The Evils of Eval


If you're a developer who uses JavaScript, or if you know one who does, Bryan Sullivan has some advice for you: take a few moments to acquaint yourself with the dangers of eval and its related functions, then learn to better secure your applications from attackers. In this article, he compares the command to other major security issues like buffer overflows, SQL injection, and cross-site scripting.

If you've ever wanted to learn how to hack software applications, there's basically only one rule you need to follow: get the application to treat your input as code. It sounds simple, but almost every major vulnerability works on exactly this principle. Buffer overflows are exploited by getting the target application to treat input as assembly code and run it. SQL injection vulnerabilities are exploited by getting the application to treat input as SQL code. Cross-site scripting (which should have been named "JavaScript Injection," in my opinion) is just input treated as script and executed on the victim's browser. With all the effort our industry goes through to keep these vulnerabilities out of code, it makes no sense to design applications explicitly to accept untrusted input and execute it as code. Yet, that is exactly what developers do when they write applications that use the JavaScript eval command.

In a nutshell, the eval command takes whatever string you pass it as an argument, then compiles that string, and executes it. There are all kinds of problems with this design pattern: it has poor performance,  uses too much memory, and is difficult to maintain. Let's focus on the security aspects. If an attacker is able to inject arbitrary script code into an input and get eval to execute that code, that is essentially the equivalent of the impact of a successful cross-site scripting attack. In my previous column, “
Show Some Respect to Cross-Site Scripting,” I wrote about how cross-site scripting attacks can have extremely serious consequences, ranging from enabling phishing attacks to session hijacking and even self-propagating Web worms. Again, all of these attacks are still possible when executed through an eval injection.

Hopefully I"ve convinced you that using eval is a bad idea, and you're about to go scour your code looking for instances of it. That's a good start, but eval has cousins that go under different names but still can wreak the same trouble in your code. Two of these are setTimeout and setInterval. The setTimeout function simply adds a delay argument to eval. Instead of being immediately executed, the code argument passed to it is executed after the specified delay time. Similarly, the setInterval function adds an interval argument, and the code is executed every time the amount of time specified by the interval elapses. These calls are functionally equivalent to eval, and you should avoid or remove them whenever possible.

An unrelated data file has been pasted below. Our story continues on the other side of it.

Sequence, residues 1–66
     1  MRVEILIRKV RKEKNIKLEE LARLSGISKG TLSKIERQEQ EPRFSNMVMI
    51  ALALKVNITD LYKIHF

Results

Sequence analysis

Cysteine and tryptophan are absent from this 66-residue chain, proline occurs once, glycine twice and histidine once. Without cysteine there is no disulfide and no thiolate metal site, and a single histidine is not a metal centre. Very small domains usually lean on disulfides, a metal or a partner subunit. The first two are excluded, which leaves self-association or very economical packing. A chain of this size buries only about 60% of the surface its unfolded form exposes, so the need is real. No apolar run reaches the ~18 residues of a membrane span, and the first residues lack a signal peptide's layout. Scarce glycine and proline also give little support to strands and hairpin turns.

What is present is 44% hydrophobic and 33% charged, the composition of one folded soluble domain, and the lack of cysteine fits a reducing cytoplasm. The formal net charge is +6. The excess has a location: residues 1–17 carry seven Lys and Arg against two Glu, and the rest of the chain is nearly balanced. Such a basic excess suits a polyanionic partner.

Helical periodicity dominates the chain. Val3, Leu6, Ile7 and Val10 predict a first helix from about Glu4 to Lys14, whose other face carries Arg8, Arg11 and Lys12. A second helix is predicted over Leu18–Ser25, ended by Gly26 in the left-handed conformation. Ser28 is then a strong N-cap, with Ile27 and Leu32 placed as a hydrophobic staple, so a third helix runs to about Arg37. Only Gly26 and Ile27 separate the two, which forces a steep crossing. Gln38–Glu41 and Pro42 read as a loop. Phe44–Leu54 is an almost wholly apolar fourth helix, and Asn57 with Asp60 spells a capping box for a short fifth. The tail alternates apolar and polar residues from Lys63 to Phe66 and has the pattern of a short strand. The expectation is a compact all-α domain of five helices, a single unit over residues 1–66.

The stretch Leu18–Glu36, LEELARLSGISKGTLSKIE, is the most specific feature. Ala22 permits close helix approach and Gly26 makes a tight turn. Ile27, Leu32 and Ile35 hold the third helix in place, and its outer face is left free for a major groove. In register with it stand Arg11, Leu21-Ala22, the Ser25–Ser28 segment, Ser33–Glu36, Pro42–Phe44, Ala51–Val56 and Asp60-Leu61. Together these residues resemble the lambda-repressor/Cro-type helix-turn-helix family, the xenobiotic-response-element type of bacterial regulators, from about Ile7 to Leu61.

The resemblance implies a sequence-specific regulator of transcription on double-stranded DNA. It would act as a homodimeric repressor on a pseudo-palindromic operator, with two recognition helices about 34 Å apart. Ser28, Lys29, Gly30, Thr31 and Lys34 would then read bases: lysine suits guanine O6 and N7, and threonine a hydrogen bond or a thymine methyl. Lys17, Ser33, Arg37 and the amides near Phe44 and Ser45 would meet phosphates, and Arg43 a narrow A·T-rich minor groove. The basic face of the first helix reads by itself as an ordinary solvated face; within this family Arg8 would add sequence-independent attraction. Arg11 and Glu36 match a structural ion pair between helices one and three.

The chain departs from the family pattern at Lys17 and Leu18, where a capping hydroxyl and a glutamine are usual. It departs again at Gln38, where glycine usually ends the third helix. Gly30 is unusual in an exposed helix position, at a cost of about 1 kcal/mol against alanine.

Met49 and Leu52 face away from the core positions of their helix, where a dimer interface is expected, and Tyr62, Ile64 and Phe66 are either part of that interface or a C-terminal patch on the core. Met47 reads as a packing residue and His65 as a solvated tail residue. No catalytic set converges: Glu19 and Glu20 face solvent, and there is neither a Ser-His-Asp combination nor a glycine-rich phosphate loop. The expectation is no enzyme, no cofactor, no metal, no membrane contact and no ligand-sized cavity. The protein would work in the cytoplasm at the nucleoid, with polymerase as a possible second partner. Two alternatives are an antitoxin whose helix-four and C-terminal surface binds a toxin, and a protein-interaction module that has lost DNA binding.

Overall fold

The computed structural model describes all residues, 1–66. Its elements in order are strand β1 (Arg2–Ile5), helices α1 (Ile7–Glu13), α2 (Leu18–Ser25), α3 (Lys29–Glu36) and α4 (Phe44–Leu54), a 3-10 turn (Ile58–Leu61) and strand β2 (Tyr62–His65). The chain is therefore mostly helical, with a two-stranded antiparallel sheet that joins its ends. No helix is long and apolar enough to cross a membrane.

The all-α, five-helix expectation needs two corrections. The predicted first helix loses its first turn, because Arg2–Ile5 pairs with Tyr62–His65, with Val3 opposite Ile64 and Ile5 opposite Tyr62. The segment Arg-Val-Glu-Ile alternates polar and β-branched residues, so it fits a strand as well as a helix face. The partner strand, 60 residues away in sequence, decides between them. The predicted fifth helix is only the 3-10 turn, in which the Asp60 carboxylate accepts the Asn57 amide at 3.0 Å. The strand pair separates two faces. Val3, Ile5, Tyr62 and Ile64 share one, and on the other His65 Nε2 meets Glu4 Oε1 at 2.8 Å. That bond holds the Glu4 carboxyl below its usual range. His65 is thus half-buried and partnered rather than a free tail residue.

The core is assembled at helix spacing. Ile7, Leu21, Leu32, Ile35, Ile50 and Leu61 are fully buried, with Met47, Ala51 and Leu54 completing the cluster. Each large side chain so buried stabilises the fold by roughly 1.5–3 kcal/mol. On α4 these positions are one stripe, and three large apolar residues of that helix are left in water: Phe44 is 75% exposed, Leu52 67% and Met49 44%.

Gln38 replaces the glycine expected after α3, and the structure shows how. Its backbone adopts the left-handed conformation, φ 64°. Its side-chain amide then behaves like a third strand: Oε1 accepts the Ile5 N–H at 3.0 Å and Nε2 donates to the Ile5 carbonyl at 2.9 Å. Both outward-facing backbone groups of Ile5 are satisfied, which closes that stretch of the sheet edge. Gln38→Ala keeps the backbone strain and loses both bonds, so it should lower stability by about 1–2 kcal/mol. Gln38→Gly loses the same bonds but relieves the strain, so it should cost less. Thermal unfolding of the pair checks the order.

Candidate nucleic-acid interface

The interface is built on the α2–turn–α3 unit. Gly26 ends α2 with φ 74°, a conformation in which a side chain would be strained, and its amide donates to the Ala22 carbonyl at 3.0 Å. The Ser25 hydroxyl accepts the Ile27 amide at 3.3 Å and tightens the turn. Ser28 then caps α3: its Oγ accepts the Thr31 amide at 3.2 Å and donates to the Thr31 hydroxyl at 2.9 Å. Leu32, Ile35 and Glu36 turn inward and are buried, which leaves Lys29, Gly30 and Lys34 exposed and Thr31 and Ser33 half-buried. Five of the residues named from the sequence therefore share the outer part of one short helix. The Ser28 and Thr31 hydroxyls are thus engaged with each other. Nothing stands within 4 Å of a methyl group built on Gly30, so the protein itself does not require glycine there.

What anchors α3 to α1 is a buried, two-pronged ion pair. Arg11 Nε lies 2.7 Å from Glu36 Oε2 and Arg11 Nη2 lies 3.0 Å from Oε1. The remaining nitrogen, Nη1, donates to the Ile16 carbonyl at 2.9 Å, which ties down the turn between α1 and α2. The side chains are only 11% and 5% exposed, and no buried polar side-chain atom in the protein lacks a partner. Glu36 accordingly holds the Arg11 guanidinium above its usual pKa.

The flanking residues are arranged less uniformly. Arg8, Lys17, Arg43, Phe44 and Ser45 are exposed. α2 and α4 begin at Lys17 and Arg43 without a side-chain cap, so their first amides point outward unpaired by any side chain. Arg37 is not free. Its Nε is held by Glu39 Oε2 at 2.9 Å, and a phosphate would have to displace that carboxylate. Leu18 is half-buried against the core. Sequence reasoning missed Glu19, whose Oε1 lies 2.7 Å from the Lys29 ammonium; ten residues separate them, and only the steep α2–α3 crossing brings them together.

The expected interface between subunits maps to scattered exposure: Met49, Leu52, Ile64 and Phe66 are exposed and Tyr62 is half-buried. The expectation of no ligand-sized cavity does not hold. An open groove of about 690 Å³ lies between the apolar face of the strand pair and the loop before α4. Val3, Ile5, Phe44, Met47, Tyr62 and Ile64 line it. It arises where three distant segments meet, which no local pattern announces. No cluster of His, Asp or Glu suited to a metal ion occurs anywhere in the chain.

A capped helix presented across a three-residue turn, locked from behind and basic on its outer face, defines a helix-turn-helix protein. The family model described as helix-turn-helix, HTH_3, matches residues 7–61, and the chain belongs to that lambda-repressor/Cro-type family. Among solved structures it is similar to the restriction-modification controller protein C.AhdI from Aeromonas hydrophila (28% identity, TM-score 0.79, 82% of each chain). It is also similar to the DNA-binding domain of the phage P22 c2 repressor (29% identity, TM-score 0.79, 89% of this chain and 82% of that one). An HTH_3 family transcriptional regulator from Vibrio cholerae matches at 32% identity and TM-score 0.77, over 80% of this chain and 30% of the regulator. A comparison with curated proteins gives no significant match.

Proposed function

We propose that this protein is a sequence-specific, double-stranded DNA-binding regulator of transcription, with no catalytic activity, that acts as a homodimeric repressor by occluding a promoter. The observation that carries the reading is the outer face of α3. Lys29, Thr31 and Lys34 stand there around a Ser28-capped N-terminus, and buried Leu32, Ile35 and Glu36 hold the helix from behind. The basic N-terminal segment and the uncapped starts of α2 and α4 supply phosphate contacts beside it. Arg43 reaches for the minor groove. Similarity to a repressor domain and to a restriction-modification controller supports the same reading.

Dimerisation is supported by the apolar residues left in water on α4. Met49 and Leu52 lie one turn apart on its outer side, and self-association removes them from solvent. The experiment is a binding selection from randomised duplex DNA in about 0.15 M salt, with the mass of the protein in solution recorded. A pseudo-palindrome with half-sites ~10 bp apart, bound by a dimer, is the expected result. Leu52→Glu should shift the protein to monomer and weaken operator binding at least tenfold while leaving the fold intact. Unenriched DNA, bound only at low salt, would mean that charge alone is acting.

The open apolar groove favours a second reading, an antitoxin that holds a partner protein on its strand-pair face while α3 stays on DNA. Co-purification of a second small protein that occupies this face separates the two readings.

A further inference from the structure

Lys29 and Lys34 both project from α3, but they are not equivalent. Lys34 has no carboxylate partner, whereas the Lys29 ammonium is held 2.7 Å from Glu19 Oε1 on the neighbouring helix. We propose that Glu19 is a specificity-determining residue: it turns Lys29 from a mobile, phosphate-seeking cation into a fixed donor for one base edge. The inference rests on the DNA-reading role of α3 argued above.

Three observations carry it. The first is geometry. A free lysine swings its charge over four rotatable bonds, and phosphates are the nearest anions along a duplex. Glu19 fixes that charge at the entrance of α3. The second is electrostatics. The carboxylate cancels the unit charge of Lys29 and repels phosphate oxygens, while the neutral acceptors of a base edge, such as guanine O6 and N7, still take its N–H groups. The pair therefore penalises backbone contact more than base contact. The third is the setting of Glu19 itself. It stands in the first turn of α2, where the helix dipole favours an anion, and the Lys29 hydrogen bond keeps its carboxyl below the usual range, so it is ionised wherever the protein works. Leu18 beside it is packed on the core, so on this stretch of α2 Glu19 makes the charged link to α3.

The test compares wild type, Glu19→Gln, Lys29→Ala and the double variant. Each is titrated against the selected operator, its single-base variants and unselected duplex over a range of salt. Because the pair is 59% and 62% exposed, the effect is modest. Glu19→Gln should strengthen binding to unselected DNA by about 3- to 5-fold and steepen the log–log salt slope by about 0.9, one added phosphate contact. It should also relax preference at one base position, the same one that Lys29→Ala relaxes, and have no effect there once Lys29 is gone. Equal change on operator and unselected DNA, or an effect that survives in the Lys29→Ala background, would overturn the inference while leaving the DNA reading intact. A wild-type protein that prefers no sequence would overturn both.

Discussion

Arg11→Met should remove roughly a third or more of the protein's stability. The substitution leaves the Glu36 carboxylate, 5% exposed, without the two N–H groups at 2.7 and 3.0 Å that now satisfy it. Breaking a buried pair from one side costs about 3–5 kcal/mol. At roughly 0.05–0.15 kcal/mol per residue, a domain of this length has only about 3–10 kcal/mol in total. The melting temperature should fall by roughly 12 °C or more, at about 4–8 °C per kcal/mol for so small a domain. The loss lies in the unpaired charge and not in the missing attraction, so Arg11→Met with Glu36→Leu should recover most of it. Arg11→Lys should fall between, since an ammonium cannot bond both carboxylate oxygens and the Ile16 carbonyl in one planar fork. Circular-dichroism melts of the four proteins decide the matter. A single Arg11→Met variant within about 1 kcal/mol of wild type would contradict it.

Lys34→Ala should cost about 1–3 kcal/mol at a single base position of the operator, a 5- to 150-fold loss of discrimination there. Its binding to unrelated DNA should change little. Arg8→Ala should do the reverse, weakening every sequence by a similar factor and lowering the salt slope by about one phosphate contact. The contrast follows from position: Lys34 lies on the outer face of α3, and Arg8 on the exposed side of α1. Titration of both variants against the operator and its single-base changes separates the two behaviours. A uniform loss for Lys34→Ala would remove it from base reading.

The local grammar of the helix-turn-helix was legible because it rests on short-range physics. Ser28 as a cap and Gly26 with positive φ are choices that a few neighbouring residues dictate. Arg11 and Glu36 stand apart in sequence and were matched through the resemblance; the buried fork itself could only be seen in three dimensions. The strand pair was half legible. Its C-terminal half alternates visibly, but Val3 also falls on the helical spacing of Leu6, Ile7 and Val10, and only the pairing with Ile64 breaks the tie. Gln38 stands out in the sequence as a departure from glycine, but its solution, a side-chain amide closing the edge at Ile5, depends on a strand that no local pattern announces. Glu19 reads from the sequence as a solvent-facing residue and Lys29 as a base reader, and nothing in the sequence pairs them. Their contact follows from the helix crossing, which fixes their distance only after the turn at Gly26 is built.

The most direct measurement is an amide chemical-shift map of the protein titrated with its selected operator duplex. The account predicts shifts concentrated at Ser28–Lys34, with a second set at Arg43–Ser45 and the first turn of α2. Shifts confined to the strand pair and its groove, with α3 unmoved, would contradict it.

Speaking of "functional" equivalents to eval, there's another you should be aware of: the function constructor. It is possible to define a function by declaring a new function object instead of using the more common function definition syntax (function square(x) { return x * x; }) or function literal syntax (var square = function(x) { return x * x; }). When declaring function objects in this manner, you pass the function body (i.e., the code to be executed) as a parameter to the Function constructor, like this:

var square = new Function('x', 'return x * x;');

If an attacker were able to inject code into the function body parameter.  For instance, if the parameter was built using user input instead of being hardcoded as in the examples above, then he could potentially exploit the weakness.

You might think that your use of eval (or its brethren) is safe, as you're not passing untrusted input to it. The problem is that it can be difficult to tell exactly what input is trusted. Query string parameters and form field values are obviously untrusted user input, but so are headers and cookies. One popular use for eval is to use it to parse JSON strings into JavaScript objects. Can you be certain that the JSON you're parsing is safe, even if you're pulling it from your own server? If the answer to this question is no, you shouldn't be using eval.

As a final thought, I'd like to note that the
Microsoft SDL includes a recommendation against using eval and its equivalents.  It suggests using Casaba Security's Watcher tool that I mentioned in More Free Security Tools to help find these in your code. Happy vulnerability hunting!


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